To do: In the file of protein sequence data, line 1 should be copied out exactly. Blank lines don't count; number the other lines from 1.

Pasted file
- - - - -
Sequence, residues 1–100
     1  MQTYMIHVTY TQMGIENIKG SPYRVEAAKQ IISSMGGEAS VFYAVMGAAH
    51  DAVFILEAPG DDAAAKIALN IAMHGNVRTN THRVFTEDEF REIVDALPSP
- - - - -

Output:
Sequence, residues 1–100